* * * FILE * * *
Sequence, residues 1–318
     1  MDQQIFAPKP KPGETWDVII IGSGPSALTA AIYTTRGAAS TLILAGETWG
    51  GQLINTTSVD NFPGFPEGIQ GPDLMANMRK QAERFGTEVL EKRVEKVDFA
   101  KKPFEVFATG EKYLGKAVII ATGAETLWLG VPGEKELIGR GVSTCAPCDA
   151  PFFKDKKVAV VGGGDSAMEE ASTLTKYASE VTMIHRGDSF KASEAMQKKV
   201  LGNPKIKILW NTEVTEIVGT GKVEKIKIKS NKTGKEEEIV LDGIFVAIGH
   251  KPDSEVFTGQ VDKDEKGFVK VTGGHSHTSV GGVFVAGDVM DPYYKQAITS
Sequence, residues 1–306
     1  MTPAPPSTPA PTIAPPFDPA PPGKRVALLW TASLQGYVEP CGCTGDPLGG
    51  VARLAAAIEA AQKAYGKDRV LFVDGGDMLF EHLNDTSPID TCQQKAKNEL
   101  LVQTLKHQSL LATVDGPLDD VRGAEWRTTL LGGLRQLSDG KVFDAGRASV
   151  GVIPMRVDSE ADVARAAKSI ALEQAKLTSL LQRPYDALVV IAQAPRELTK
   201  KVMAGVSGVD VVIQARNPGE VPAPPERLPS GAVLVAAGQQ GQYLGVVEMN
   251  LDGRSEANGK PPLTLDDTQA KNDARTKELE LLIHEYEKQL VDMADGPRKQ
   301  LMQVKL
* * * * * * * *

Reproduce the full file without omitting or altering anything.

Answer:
Sequence, residues 1–318
     1  MDQQIFAPKP KPGETWDVII IGSGPSALTA AIYTTRGAAS TLILAGETWG
    51  GQLINTTSVD NFPGFPEGIQ GPDLMANMRK QAERFGTEVL EKRVEKVDFA
   101  KKPFEVFATG EKYLGKAVII ATGAETLWLG VPGEKELIGR GVSTCAPCDA
   151  PFFKDKKVAV VGGGDSAMEE ASTLTKYASE VTMIHRGDSF KASEAMQKKV
   201  LGNPKIKILW NTEVTEIVGT GKVEKIKIKS NKTGKEEEIV LDGIFVAIGH
   251  KPDSEVFTGQ VDKDEKGFVK VTGGHSHTSV GGVFVAGDVM DPYYKQAITS
Sequence, residues 1–306
     1  MTPAPPSTPA PTIAPPFDPA PPGKRVALLW TASLQGYVEP CGCTGDPLGG
    51  VARLAAAIEA AQKAYGKDRV LFVDGGDMLF EHLNDTSPID TCQQKAKNEL
   101  LVQTLKHQSL LATVDGPLDD VRGAEWRTTL LGGLRQLSDG KVFDAGRASV
   151  GVIPMRVDSE ADVARAAKSI ALEQAKLTSL LQRPYDALVV IAQAPRELTK
   201  KVMAGVSGVD VVIQARNPGE VPAPPERLPS GAVLVAAGQQ GQYLGVVEMN
   251  LDGRSEANGK PPLTLDDTQA KNDARTKELE LLIHEYEKQL VDMADGPRKQ
   301  LMQVKL